Tuesday, 19 July 2011

Part time business Duck and Duckess: Behave-or else!: Smoke gets in your ears: Flogging brats: Time and tide...: and the 14th Boryeong Mud Festival.

There is a touch of mist and mellow fruitfulness at the Castle this morn, the study is still empty, the sky water has made the garden behave like a bunch of Triffids and I am fed up with hearing about Rupert the bear and news international.


Allegedly the Duck and Duckess of Cambridge are to become 'ambassadors' for British business, undertaking future royal tours to boost the country's commercial interests abroad.
During their three-day visit to California earlier this month, the Duck and Duckess attended an event organised by UK Trade and Investment (UKTI) in support of British technology investments and the development of east London's "Tech City" into a world-leading area for technology and software design. 

Oh well, that gives them the experience they need then....as long as they don’t have to “work” more than two weeks in a row.



"Nudging" people into healthier behaviour, as the government aims to do, will not work without the threat of regulation, according to a House of Lords committee that is critical of attempts to curb junk food and alcohol consumption through voluntary agreements with food and drinks companies.
Regulation should never be ruled out by government departments involved in trying to influence behaviour change, says the report. It criticises the recent attempt to engage the food and drinks industries in tackling excessive drinking and obesity through a "public health responsibility deal", in which they pledged to make healthier products and market them more carefully.
The committee also recommended more research should be done to find out how best to reduce people's use of cars for medium and long journeys. It urged the department of transport to consider regulations and financial penalties in the attempt to cut car use. It wants the government to set public targets for reducing carbon emissions from car use and announce the steps it will take if a re-education does not come about through voluntary means.

 When does the “elected” house of old farts come in?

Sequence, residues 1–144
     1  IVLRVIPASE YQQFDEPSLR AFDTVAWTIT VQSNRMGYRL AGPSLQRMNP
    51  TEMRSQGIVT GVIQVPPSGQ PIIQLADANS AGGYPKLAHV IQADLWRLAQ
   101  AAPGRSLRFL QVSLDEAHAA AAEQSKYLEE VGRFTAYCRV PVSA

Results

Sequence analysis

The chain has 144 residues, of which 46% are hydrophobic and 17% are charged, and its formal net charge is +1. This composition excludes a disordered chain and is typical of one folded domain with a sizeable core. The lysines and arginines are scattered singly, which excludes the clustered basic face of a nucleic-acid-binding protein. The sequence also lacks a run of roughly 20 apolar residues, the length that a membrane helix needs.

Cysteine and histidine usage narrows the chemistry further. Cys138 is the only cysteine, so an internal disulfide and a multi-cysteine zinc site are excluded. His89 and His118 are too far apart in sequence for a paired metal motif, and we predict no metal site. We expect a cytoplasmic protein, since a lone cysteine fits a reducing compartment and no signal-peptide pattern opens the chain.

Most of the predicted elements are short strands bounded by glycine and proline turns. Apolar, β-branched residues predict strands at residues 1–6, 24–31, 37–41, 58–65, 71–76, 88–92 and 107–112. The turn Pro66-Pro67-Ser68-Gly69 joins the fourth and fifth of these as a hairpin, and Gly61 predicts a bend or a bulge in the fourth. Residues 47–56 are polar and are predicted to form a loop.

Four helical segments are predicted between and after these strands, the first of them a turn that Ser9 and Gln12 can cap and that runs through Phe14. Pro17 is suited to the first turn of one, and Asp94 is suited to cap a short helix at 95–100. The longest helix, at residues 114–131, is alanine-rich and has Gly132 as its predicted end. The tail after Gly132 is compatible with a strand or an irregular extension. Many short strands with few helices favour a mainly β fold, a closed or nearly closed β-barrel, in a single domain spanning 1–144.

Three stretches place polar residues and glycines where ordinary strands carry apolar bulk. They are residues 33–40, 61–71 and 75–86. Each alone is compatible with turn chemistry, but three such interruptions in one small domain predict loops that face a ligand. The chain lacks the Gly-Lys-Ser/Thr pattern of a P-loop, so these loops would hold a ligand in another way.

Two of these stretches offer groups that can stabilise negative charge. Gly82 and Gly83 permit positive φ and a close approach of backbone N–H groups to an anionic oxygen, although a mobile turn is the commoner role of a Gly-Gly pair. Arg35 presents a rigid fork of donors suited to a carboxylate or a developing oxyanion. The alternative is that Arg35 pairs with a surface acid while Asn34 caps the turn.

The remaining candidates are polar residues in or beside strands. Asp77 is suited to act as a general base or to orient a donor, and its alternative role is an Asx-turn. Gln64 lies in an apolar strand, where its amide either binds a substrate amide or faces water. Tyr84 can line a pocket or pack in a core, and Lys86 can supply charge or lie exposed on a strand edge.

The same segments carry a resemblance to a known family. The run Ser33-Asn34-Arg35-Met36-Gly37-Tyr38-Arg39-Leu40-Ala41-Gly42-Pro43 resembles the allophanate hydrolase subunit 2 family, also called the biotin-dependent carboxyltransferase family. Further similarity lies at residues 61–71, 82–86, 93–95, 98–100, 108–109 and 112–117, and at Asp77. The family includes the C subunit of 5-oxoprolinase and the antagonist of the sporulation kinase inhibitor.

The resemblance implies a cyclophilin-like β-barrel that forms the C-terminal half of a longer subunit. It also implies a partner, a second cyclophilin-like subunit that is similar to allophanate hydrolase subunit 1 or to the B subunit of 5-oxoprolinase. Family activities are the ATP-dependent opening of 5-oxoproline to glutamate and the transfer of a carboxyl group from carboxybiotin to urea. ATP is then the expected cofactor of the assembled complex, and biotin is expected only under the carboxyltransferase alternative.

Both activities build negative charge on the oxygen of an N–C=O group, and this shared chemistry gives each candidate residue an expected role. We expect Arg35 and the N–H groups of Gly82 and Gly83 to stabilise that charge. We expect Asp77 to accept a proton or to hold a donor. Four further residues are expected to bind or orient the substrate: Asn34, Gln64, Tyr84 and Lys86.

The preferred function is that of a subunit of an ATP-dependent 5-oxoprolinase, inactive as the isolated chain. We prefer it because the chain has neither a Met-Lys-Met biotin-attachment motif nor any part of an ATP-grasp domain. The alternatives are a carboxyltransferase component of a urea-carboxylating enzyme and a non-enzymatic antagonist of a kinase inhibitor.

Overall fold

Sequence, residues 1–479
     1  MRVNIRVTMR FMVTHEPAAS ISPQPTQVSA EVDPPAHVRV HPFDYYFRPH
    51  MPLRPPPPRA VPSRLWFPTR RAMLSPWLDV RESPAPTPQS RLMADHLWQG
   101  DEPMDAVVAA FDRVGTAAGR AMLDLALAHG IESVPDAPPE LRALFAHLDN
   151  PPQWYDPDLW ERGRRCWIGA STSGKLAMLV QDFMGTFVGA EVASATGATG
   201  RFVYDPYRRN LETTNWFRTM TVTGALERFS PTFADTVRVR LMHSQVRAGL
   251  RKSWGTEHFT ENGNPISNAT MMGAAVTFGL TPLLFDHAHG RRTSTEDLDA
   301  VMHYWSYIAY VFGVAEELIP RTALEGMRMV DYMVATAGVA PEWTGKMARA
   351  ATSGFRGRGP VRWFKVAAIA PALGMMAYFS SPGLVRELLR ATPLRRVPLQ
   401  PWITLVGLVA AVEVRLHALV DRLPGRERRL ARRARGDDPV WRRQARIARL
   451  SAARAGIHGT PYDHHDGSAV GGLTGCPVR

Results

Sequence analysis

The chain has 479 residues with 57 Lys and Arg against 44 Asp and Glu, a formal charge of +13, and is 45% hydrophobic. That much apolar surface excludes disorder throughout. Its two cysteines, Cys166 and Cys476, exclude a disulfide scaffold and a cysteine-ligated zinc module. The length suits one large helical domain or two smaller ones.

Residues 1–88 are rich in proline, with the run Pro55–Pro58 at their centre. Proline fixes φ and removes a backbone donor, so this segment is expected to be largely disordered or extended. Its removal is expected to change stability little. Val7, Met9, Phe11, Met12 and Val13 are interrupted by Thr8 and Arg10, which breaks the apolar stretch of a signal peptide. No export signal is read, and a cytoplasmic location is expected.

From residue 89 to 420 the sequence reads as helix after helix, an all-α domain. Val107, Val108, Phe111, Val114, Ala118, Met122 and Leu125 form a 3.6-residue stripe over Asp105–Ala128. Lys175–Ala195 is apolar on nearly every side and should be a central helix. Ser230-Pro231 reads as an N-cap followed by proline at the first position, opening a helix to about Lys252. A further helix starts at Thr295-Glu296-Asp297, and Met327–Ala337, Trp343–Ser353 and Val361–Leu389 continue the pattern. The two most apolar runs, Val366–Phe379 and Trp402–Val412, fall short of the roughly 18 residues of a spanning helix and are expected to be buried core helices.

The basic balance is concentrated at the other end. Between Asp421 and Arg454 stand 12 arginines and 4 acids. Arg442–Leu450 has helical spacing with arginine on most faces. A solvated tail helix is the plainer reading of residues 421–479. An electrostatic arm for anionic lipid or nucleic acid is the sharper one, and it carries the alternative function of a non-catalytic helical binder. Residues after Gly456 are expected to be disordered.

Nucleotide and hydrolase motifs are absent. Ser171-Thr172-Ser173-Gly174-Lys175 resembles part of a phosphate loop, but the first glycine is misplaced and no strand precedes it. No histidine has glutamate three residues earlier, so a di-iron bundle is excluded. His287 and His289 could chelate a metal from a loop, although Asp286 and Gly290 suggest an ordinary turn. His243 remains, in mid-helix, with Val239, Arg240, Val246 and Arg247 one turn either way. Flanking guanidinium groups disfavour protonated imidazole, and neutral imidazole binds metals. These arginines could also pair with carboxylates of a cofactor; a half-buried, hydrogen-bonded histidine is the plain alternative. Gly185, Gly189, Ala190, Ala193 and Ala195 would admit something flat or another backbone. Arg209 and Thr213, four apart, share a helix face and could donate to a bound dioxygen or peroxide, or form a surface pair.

Investigators say the findings, from a study of over 1,500 US teens aged 12 to 19, suggest that second-hand tobacco smoke directly damages young ears.
And the greater the exposure the greater the damage.
Often it was enough to impair a teen's ability to understand speech, Archives of Otolaryngology - Head & Neck Surgery reports.
It is still unclear how much exposure could be harmful and when the damage might occur.
In the study, around 40% of the 800 teens who had been exposed to second-hand smoke had detectable hearing problems, compared to about 25% of the 750 teens who had not had this exposure.

 So, if you smoke and your teen ignore you it’s your own fault.....




A Geelong, Australia, woman could lose custody of her children after she tried to sell them on eBay, official say.
The woman, who is in her 30s, put photos of her son and daughter, both under 10 years old, last week, apparently as a joke, the Geelong Advertiser reported Monday. The listing was online for one day last week, and was taken down after police contacted eBay.
The police believed the woman's excuse that the listing was a joke and did not press criminal charges; however, the Department of Human Services is still investigating her actions.
"We are conducting an investigation to ensure the children's welfare and safety are taken care of and looked after," a human services representative said. "If it is deemed severe and the children were at risk then yes, that would be the case [taking the children off the mother]."
Child advocacy groups are outraged by the stunt.
"I think it's a fairly twisted sense of humour. It's a sick joke and it's distasteful," Kevin Zibell, president of Centre for Excellence in Child and Family Welfare, said.

She would have been better orf asking for a swap....



A sports car was carried away by the tide after its owner left it on a slipway to dodge a £2 parking fee.
The Alfa Romeo Spider was parked on a restricted area used by fishermen.
The driver left it at The Hard in Portsmouth at 8.30am on Friday before getting a train to London with the only set of keys.
But it was swamped by the tide at 12.20pm.
A car park opposite charges £2 for the day.
The unnamed owner’s son-in-law, Steve Sterling, said: “The car is his pride and joy. He’ll be upset.”

Serves the tight git right....


And finally:


The Boryeong Mud Festival, at Daecheon Beach, features wrestling, sliding and even a contest to crown a mud king.


Thought it was Glastonbury for a second, but there is not enough mud.


That’s it: I’m orf to check the moat for lost landscapes.


And today’s thought: "Being a Scientologist, when you drive past an accident... you know you have to do something about it because you know you're the only one that can really help." - Tom Cruise



Angus  

2 comments:

CherryPie said...

If you can afford an expensive sports car you can afford a small parking fee...

And in this case probably a replacement car!

Angus said...

Mind you Cherrypie it was an Alpha, so it probably broke down and started to rust away before he parked it:)